from_keras_model validates its arguments, normalizes them as appropriate and
instantiates a tff.learning.Model backed by keras_model for the forward
pass and autodifferentiation steps. This function needs three pieces of
information in order to accomplish this goal: a tf.keras.Model to use for
its forward pass; a loss function (or group of loss functions) loss; and a
way to infer the TFF type signatures for the tff.Computation in which this
model will appear, the input_spec.
Notice that since TFF couples the tf.keras.Model and
loss, TFF needs a slightly different notion of "fully specified type" than
pure Keras does. That is, the model M takes inputs of type x and
produces predictions of type p; the loss function L takes inputs of type
<p, y> and produces a scalar. Therefore in order to fully specify the type
signatures for computations in which the generated tff.learning.Model will
appear, TFF needs the type y in addition to the type x.
A tf.keras.losses.Loss that takes two batched tensor parameters,
y_true and y_pred, and returns the loss. If the model has multiple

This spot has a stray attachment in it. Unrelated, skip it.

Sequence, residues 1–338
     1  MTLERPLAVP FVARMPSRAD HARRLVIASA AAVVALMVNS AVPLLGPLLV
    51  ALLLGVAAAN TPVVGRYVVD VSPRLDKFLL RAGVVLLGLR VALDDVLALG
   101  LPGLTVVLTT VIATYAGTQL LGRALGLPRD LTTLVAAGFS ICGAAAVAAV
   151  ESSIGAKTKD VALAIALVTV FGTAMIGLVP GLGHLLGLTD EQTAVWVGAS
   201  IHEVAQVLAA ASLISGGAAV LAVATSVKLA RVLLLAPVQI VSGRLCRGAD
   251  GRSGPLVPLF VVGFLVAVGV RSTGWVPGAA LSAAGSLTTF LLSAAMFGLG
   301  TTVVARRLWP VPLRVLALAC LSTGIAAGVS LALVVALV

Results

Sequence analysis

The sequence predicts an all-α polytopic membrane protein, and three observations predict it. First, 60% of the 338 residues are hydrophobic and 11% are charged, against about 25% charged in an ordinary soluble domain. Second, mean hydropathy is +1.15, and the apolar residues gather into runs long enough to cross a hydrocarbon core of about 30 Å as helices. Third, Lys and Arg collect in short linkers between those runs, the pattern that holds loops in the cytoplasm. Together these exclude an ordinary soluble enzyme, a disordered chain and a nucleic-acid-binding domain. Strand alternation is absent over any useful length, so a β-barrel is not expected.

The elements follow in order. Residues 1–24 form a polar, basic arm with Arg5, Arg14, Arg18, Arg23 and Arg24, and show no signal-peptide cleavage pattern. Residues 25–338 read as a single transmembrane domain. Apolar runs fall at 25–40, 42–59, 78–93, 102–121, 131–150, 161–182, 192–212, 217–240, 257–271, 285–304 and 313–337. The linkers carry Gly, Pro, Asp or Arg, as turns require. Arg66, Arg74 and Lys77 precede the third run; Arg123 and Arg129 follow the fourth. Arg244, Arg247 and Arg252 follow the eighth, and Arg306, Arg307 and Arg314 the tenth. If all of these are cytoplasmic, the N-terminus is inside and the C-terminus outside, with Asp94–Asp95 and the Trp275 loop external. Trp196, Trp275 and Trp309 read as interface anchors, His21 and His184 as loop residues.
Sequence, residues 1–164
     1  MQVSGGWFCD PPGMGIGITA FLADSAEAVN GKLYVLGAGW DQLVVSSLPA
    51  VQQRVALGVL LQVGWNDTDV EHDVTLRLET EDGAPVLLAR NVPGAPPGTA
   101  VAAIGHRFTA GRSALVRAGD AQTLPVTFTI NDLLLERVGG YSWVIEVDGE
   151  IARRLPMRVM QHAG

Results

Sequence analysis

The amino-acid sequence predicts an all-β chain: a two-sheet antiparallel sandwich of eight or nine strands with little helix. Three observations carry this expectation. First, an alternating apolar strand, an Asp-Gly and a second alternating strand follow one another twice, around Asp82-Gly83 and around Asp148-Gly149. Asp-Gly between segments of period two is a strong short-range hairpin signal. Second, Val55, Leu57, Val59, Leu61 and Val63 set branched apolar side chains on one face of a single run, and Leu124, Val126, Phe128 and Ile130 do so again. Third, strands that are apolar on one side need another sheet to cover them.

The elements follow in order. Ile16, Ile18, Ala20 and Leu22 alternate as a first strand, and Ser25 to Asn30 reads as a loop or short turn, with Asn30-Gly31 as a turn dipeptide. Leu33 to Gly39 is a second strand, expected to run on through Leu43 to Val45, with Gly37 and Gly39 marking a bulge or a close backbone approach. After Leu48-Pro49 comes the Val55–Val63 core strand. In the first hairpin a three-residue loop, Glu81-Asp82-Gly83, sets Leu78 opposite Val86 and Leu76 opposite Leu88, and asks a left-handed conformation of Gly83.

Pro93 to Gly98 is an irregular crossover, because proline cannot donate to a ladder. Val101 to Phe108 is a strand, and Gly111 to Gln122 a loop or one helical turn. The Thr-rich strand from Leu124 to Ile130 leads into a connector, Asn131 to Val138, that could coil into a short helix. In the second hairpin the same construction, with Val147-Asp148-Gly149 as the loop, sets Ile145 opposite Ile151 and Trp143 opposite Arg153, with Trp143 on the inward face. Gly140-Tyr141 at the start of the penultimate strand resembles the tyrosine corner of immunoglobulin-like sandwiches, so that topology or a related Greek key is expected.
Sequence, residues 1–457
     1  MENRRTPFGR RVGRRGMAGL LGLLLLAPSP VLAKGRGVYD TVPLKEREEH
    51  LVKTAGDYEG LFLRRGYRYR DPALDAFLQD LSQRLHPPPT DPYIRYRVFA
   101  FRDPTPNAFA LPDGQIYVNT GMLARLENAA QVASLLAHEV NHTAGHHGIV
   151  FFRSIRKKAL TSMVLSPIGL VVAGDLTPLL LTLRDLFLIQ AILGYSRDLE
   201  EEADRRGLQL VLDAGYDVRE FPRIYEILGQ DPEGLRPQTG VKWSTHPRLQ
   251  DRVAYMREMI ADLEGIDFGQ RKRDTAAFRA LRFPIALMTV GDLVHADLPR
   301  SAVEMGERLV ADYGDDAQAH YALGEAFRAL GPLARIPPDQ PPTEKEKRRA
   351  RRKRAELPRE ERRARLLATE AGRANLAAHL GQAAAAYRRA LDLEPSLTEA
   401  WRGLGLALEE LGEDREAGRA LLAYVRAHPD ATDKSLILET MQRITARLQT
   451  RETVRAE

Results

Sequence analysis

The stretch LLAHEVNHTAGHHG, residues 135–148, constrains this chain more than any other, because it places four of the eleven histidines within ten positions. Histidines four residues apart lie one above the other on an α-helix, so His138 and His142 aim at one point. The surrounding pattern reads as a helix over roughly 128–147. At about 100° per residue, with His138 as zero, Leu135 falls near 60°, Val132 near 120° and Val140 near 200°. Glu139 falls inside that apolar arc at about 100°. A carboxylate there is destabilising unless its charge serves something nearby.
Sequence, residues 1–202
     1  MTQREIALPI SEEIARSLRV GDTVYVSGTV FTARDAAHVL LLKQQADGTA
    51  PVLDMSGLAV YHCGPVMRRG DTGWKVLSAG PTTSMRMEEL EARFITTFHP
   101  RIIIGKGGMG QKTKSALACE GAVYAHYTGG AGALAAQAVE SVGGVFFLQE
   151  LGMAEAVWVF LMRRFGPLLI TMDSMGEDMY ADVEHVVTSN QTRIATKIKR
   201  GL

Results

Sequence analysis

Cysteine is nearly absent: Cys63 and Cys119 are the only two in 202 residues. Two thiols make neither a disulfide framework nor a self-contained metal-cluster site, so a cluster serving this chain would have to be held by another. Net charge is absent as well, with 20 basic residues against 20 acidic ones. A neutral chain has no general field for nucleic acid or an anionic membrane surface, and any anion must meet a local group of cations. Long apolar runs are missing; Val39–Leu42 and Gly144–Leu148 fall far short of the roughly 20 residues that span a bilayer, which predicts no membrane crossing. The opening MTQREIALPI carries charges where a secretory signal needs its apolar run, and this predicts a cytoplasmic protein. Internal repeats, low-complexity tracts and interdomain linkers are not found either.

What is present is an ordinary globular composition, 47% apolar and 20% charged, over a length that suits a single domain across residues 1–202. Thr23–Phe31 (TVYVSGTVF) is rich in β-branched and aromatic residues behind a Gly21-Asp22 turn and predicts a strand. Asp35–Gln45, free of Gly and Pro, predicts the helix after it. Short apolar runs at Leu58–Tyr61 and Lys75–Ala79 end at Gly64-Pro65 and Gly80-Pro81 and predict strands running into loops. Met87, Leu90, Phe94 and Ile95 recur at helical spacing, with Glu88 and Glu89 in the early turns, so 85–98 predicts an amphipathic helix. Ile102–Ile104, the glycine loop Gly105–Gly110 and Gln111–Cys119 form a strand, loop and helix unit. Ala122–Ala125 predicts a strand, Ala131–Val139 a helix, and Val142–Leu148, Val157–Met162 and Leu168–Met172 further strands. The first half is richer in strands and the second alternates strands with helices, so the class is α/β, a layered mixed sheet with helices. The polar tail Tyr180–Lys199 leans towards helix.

outputs, you can use a different loss on each output by passing a
dictionary or a list of losses. The loss value that will be minimized by
the model will then be the sum of all individual losses, each weighted by
A value convertible to tff.Type specifying the type of
arguments the model expects. Notice this must be a compound structure of
two elements, specifying both the data fed into the model to generate
predictions, as its first element, as well as the expected type of the
ground truth as its second.
(Optional) a list or dictionary specifying scalar coefficients
(Python floats) to weight the loss contributions of different model
outputs. The loss value that will be minimized by the model will then be
the weighted sum of all individual losses, weighted by the
loss_weights coefficients. If a list, it is expected to have a 1:1
mapping to the model's outputs. If a tensor, it is expected to map
output names (strings) to scalar coefficients.